5 things to consider when designing a pneumatic conveyancing system

What should you bear in mind when designing a pneumatic conveyancing system? Let’s look at five important factors.

5 things to consider when designing a pneumatic conveyancing system

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1. Density of the bulk material

The density of the material is a key factor in the design, affecting the size of the components you need. This in turn relates to the volume of air per minute that will need to be moved through the conveying line. As you might expect, heavier materials need bigger vacuum receivers and more power.

2. How far the material needs to be moved

There is clearly a direct relationship between the length of the tube and the amount of energy needed to pull materials along it. The size of the vacuum receiver will also increase proportionately. It may therefore pay you to establish the shortest run than can be used.

3. How fast and how often you need to move the material

Another factor is whether the material is moving in batches or in a continuous flow and how quickly the material needs to move; for example, the material needs to move to a mixing point very quickly in some food applications, but this only happens for 15 minutes every hour. This will require a higher volume vacuum receiver than a constant lower flow.

4. The properties of the material

Items that need filtration, such as some powders, will call for bigger vacuum receivers. Vacuum conveying technology is particularly suitable for powders that are combustible. The supplier of your system will need to know as much as possible about the materials you are using and the processes that are part of your workflow to design a suitable system.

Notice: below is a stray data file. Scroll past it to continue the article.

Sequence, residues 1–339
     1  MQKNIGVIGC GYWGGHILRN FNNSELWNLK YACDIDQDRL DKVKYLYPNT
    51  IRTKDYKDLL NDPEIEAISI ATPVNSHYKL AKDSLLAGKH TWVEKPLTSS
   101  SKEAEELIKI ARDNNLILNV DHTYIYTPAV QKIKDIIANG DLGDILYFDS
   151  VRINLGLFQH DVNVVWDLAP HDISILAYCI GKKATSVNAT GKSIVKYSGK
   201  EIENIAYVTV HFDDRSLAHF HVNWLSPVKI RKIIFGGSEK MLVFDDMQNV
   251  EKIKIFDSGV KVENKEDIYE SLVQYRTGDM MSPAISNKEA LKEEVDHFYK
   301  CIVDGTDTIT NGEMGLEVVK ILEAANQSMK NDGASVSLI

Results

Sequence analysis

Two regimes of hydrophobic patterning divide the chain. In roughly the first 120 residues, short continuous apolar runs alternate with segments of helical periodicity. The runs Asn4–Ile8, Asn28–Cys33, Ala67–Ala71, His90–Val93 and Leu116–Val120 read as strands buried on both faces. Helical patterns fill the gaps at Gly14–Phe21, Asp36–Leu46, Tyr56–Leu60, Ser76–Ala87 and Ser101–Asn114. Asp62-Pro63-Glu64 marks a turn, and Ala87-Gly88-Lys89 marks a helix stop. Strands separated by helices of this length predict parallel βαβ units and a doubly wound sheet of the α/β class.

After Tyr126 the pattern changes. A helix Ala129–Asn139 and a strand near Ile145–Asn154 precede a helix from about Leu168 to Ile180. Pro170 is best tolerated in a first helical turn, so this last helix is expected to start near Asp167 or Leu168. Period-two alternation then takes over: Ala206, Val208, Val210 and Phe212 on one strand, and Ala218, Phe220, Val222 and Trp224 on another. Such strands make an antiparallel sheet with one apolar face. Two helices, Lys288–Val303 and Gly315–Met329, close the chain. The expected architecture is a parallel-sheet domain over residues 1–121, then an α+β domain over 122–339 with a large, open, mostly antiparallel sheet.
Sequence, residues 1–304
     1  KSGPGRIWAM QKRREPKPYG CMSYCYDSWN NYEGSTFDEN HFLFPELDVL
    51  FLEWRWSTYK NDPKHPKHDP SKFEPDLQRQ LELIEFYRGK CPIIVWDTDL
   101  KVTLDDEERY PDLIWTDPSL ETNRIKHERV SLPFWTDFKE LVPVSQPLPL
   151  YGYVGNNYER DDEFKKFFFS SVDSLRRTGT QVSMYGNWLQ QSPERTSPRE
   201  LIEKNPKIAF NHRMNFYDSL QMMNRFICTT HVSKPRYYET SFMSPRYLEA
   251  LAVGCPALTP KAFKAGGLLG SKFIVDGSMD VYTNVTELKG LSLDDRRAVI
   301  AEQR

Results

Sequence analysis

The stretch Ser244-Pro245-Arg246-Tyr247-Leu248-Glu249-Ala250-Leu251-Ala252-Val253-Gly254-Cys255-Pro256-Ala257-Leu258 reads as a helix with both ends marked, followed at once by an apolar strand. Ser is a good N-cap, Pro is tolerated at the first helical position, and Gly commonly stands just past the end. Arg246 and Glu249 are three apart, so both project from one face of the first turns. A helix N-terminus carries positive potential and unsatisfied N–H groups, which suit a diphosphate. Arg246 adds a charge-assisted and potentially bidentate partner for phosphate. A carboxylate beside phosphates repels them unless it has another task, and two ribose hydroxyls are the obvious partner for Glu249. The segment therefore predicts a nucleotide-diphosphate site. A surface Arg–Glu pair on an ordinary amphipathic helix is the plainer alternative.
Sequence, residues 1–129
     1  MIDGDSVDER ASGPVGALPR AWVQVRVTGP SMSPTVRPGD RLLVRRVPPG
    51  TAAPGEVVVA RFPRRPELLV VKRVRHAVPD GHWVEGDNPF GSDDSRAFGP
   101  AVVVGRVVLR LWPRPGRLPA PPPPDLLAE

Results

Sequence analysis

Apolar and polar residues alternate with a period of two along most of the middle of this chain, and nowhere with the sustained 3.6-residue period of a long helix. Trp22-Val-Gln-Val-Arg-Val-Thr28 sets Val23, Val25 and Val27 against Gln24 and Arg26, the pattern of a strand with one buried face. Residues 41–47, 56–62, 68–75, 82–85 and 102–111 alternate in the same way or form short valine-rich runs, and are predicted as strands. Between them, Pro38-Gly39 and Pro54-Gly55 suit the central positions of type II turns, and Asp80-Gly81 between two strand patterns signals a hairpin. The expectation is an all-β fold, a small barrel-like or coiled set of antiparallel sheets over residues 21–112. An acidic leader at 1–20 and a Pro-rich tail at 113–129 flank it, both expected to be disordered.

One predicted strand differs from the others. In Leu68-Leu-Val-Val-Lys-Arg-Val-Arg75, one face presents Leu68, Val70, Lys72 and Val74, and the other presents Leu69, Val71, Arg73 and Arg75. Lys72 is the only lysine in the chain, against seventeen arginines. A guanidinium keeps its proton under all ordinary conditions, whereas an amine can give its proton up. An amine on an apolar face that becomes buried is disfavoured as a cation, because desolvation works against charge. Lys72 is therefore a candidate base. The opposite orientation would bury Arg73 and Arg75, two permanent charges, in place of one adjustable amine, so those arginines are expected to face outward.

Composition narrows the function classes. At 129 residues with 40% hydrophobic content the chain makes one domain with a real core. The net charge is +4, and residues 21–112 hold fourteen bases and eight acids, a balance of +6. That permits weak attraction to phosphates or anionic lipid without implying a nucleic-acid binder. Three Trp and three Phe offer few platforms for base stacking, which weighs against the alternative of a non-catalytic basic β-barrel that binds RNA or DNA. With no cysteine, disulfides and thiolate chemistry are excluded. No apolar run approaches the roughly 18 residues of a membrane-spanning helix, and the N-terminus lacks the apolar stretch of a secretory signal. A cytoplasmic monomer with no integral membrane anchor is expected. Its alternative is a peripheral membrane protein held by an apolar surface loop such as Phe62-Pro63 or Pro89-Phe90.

A paper from Manchester Metropolitan University emphasises what a complex subject area this is; however, users of these systems come from many different industrial sectors and do not need to be experts in vacuum technology. Many industries are using pneumatic conveying successfully; however, it is essential to obtain advice on a particular application from an expert such as http://www.aptech.uk.com/pneumatic-conveying/.

5. How the material will get into the conveyor

Getting the material into the conveying tube may require a customised solution, with different materials presenting different challenges. The type of feeder used will affect the design of the system and all the process equipment in use should be considered before the design is finalised.

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